Procurement and the internal organisation need to be mature enough to launch a long-term supplier relationship programme in a way that will add value. If they are not ready then the likelihood is that the initiative will descend into recriminations and entrenchment as the short-term desire for instant results turns a managed intervention into a stressful cocktail of unmanaged expectations.
A simple test of maturity is to evaluate whether the organisation is clear about its purpose and the core competencies it possesses to deliver the necessary outcomes. If these core competencies are known then everything else becomes challengeable or non-core. As such, these areas become candidates for outsourcing activities. The importance of thinking from a competency perspective brings into focus the importance of getting the supplier relationship right. Although competencies may be ‘non-core’ they are still necessary for the enterprise to operate effectively. Making mistakes in outsourcing the wrong things or to the wrong suppliers is hugely costly and may take years to recover from. The key point is that when you source something externally it does not mean that you can walk away from it and expect all the associated problems you were experiencing to simply disappear. When you decide someone is better positioned to perform a task or provide a resource you have to work out what you will need to do to (both initially and over time) ensure the new solution is successful.
This can be visualised by ignoring the organisational boundaries and focusing on the relevant flows that enable, develop, create and deliver the products or services required by the end customer:
Mapping each set of flows will highlight the fact that they do not all run along the same set of paths and this is a crucial insight for any organisation that has the ambition to build strong relationships, of any kind, with their supply network. The point comes into sharp focus by removing any one of these flows and evaluating the potential consequences over time.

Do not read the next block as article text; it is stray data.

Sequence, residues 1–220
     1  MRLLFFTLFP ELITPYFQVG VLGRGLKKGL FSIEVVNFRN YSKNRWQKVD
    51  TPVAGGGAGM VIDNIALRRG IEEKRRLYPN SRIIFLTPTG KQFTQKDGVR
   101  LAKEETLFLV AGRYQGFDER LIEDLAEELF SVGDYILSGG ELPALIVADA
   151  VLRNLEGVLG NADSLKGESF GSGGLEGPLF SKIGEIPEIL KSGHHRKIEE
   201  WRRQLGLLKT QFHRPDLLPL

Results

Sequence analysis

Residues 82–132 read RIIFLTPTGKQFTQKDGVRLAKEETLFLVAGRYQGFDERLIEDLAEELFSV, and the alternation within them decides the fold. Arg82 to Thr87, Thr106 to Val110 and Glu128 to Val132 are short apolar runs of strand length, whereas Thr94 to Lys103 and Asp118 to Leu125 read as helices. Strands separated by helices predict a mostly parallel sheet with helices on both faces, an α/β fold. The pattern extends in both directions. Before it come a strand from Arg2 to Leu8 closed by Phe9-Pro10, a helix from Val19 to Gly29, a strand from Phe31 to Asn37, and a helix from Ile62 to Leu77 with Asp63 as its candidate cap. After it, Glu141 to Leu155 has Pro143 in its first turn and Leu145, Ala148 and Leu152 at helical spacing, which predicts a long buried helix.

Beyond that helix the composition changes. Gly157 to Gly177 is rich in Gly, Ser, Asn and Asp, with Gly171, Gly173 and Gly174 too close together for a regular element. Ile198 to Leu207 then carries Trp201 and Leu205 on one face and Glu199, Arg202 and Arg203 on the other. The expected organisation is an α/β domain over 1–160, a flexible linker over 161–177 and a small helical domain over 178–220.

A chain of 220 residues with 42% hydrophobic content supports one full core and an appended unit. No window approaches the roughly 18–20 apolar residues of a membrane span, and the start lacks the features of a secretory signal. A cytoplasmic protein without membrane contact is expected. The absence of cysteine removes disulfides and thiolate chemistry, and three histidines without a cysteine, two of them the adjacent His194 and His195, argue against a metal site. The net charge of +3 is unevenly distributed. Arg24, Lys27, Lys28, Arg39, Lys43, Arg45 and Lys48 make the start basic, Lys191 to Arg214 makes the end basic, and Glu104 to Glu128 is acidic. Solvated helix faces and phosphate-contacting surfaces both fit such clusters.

At its highest level, supplier relationship strategies can be defined at three levels.
Flexing a supply network to adopt the structure wanted by the customer is a huge undertaking and requires a significant amount of work to move suppliers from the relationships they currently enjoy (and often want to maintain) to those that the customer feels will be best serving. This highlights the need for two levels of strategy; the intended outcomes and the means by which they will be achieved. The viability of each proposal needs to be evaluated from multiple perspectives to provide an informed set of alternative proposals that can be presented to the senior management team of the customer enterprise as part of the justification for the approaches being proposed.
Now comes the point when the customer organisation can begin to solidify its thinking into a set of relationship strategies within which each supplier will be positioned. This process creates the detail for managing the supply network that will sit within the already defined strategy. As such it is likely to be an iterative process as strategy informs supplier positioning and vice versa. In some cases it is likely that certain suppliers will have to be positioned in relationships that are less than ideal for them individually but the best accommodation for the collective group they form a part of. Supplier relationship management is a messy process and can have as much to do with politics as it does with cold logic and transparency.